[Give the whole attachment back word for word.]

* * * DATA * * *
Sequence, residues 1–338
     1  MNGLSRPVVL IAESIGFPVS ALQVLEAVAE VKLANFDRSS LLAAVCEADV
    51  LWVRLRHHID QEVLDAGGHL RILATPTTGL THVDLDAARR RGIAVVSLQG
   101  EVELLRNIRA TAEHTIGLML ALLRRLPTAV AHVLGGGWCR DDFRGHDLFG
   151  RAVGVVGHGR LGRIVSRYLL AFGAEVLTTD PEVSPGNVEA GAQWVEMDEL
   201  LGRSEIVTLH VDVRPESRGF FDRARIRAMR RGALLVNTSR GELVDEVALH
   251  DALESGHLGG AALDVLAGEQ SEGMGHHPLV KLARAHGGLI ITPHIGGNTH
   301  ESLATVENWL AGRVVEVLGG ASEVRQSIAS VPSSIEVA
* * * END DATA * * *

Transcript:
Sequence, residues 1–338
     1  MNGLSRPVVL IAESIGFPVS ALQVLEAVAE VKLANFDRSS LLAAVCEADV
    51  LWVRLRHHID QEVLDAGGHL RILATPTTGL THVDLDAARR RGIAVVSLQG
   101  EVELLRNIRA TAEHTIGLML ALLRRLPTAV AHVLGGGWCR DDFRGHDLFG
   151  RAVGVVGHGR LGRIVSRYLL AFGAEVLTTD PEVSPGNVEA GAQWVEMDEL
   201  LGRSEIVTLH VDVRPESRGF FDRARIRAMR RGALLVNTSR GELVDEVALH
   251  DALESGHLGG AALDVLAGEQ SEGMGHHPLV KLARAHGGLI ITPHIGGNTH
   301  ESLATVENWL AGRVVEVLGG ASEVRQSIAS VPSSIEVA